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The Changing Role of Marketing in the Corporation

Frederick E. Webster, Jr.

The Journal of Marketing
Vol. 56, No. 4 (Oct., 1992), pp. 1-17
(article consists of 17 pages)

Published by: American Marketing Association


Frederick E. Webster, Jr.
For the past two decades, some subtle changes in the concept and practice of marketing have been fundamentally reshaping the field. Many of these changes have been initiated by industry, in the form of new organizational types, without explicit concern for their underlying theoretical explanation or justification. On the academic side, prophetic voices have been speaking (Arndt 1979, 1981, 1983; Thorelli 1986; Van de Ven 1976; Williamson 1975) but seldom heard because, representing several different disciplines, they did not sing as a chorus. More basically, perhaps, few listeners were ready to hear the message or to do the intellectual work necessary to pull the several themes together. Like the Peruvian Indians who thought the sails of the Spanish invaders on the horizon were some phenomenon of the weather and did nothing to prepare themselves for attack (Handy 1990), marketers may ignore some important information in their environment simply because it is not consistent with their past experience.
The purpose of this article is to outline both the intellectual and the pragmatic roots of changes that are occurring in marketing, especially marketing management, as a body of knowledge, theory, and practice and to suggest the need for a new paradigm of the marketing function within the firm. First, the origins of the marketing management framework, the generally accepted paradigm of the marketing discipline for the past three decades, are considered. Then shifting managerial practice is examined, especially the dissolution of hierarchical bureaucratic structures in favor of networks of buyer-seller relationships and strategic alliances. Within those new forms of organization, the changing role of marketing is discussed and a reconceptualization of marketing as a field of study and practice is outlined.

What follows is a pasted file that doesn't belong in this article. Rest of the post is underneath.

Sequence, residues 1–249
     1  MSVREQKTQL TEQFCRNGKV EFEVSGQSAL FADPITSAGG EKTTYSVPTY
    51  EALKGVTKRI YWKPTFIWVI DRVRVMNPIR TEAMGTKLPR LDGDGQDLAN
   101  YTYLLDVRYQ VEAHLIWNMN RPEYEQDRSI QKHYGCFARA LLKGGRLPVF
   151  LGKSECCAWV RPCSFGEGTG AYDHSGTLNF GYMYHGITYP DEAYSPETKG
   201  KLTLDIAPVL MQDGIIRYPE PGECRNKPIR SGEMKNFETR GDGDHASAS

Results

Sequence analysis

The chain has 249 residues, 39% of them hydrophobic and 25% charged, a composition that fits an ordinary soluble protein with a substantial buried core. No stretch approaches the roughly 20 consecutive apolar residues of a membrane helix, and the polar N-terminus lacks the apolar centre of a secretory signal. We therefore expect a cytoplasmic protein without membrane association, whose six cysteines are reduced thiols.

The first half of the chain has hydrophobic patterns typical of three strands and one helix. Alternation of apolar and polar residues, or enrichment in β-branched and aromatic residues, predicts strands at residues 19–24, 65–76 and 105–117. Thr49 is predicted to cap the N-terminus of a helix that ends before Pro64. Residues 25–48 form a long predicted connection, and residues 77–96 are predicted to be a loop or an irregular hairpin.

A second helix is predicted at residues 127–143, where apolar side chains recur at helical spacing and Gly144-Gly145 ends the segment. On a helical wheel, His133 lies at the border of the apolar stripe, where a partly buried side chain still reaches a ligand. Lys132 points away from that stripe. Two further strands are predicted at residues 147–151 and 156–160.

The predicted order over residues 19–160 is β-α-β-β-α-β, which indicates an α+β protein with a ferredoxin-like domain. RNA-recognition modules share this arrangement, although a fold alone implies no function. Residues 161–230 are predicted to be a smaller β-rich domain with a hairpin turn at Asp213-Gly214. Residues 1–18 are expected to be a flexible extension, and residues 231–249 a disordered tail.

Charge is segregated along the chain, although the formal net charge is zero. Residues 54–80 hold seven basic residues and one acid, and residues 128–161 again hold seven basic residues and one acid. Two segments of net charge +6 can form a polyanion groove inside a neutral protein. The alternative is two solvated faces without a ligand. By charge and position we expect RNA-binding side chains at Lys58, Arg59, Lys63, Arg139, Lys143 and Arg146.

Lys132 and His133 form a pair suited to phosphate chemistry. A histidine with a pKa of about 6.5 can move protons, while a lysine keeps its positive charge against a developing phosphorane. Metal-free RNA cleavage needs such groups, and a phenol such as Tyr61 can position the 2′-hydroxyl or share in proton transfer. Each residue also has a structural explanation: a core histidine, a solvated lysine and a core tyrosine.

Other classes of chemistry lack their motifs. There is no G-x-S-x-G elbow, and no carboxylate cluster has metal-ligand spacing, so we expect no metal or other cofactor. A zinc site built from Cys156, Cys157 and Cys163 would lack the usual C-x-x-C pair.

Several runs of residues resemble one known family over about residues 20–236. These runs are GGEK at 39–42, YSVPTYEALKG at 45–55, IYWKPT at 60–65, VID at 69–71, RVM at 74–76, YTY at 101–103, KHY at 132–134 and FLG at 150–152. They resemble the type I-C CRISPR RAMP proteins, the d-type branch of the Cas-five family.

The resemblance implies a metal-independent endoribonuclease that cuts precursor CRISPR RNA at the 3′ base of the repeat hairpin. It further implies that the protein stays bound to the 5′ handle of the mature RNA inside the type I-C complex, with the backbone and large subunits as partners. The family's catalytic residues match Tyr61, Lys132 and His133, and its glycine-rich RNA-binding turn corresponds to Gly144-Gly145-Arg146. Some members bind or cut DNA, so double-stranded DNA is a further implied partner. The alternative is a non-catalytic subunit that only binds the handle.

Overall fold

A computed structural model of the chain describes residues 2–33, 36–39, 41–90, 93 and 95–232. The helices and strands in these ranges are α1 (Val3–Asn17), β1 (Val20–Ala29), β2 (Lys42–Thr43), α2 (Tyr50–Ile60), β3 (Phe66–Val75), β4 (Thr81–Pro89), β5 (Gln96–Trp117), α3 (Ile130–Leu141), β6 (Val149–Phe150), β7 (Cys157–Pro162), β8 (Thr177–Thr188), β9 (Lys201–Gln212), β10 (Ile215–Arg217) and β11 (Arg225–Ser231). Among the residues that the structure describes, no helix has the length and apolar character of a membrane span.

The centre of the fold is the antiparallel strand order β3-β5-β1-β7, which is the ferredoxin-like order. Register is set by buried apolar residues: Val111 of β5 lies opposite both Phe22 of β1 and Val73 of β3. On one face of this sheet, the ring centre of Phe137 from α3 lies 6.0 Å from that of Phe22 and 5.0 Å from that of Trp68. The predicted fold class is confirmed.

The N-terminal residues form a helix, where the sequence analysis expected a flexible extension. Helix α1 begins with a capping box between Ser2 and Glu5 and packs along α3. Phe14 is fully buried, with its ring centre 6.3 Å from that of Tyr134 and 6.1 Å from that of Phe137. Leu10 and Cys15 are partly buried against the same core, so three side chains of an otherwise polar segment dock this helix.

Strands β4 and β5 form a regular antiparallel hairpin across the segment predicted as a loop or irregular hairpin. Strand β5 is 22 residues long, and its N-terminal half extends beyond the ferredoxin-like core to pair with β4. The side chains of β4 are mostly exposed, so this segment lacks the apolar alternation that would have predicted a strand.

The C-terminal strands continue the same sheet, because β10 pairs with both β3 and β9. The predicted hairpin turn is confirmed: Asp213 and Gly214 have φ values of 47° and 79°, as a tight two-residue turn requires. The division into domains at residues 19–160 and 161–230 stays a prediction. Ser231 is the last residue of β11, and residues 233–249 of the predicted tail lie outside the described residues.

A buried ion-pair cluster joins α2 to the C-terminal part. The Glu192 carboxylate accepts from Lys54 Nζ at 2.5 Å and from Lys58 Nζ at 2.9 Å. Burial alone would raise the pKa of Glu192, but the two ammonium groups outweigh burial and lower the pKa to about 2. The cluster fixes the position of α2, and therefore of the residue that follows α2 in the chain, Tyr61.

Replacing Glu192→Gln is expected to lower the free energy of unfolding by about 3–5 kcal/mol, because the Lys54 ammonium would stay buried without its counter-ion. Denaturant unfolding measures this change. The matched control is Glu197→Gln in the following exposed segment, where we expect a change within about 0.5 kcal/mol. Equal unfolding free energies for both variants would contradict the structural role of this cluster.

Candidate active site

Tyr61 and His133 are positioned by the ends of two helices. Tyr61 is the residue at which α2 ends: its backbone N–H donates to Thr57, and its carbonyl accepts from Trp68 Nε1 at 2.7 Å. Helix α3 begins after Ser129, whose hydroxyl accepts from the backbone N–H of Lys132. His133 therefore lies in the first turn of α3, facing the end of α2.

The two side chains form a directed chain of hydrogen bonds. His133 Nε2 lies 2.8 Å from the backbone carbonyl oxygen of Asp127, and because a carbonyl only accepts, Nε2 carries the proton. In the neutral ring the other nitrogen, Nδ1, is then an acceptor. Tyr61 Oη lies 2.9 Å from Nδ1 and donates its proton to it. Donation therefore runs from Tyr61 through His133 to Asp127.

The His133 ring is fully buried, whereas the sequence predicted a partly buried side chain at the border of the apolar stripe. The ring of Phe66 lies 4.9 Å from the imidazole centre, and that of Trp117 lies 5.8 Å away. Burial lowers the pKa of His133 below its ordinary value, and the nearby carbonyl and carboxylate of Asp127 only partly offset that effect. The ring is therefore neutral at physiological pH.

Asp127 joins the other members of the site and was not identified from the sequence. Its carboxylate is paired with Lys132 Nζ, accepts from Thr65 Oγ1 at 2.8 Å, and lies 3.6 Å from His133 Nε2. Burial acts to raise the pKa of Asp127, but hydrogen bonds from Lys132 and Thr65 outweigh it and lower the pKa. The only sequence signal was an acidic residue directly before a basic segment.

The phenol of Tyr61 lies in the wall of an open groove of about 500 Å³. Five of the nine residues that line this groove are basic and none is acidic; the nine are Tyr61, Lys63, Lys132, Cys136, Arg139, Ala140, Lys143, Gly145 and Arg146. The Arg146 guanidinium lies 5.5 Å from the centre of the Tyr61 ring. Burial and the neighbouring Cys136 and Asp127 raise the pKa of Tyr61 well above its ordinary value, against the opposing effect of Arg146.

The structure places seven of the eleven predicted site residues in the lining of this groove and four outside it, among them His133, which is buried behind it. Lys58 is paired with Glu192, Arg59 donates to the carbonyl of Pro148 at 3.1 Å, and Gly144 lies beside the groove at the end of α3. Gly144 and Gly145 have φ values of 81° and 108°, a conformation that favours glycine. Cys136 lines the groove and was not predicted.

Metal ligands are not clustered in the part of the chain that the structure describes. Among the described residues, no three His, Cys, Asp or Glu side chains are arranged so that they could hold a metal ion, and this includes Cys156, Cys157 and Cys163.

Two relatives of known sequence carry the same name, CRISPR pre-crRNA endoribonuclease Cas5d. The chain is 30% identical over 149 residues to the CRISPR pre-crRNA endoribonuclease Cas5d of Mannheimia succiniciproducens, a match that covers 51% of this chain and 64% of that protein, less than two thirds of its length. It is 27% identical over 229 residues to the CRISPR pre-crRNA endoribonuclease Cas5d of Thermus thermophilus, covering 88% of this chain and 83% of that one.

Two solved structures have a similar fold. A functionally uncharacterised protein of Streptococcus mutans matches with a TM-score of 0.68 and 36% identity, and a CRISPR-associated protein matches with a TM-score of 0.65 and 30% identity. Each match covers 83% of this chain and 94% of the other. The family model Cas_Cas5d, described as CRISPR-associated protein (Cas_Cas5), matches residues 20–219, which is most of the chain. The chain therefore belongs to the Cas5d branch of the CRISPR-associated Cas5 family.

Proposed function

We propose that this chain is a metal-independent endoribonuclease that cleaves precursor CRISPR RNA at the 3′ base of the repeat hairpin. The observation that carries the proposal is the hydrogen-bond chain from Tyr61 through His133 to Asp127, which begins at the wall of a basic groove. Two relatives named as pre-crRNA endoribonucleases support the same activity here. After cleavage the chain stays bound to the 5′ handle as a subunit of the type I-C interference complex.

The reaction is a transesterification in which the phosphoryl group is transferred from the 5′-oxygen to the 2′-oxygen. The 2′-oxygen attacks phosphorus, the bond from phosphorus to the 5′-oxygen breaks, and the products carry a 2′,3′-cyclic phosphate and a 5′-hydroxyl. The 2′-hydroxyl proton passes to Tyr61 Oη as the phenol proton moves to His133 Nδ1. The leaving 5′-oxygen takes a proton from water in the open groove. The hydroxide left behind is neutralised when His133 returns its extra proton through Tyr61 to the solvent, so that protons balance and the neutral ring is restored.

Marketing as a Social and Economic Process
It is sobering to recall that the study of marketing did not always have a managerial focus. The early roots of marketing as an area of academic study can be found, beginning around 1910, in Midwestern American land grant universities, where a strong involvement with the farm sector created a concern for agricultural markets and the processes by which products were brought to market and prices determined. The analysis was centered around commodities and the institutions involved in moving them from farm, forest, sea, mine, and factory to industrial processors, users, and consumers. Within this tradition, three separate schools evolved that focused on the commodities themselves, on the marketing institutions through which products were brought to market, especially brokers, wholesalers, and retailers in their many forms and variations (Breyer 1934; Duddy and Revzan 1953), and finally on the functions performed by these institutions (McGarry 1950; Weld 1917). All of these approaches tended to be descriptive rather than normative, with the functional being the most analytical and leading to the development of a conceptual framework for the marketing discipline (Barters 1962; Rathmell 1965).

These early approaches to the study of marketing are interesting because of the relative absence of a managerial orientation. Marketing was seen as a set of social and economic processes rather than as a set of managerial activities and responsibilities. The institutional and functional emphasis began to change in 1948, when the American Marketing Association (1948, p. 210) defined marketing as:
The performance of business activities directed toward, and incident to, the flow of goods and services from producer to consumer or user.
This definition, modified only very slightly in 1960, represented an important shift of emphasis. Though it grew out of the functional view, it defined marketing functions as business activities rather than as social or economic processes. The managerial approach brought relevance and realism to the study of marketing, with an emphasis on problem solving, planning, implementation, and control in a competitive marketplace.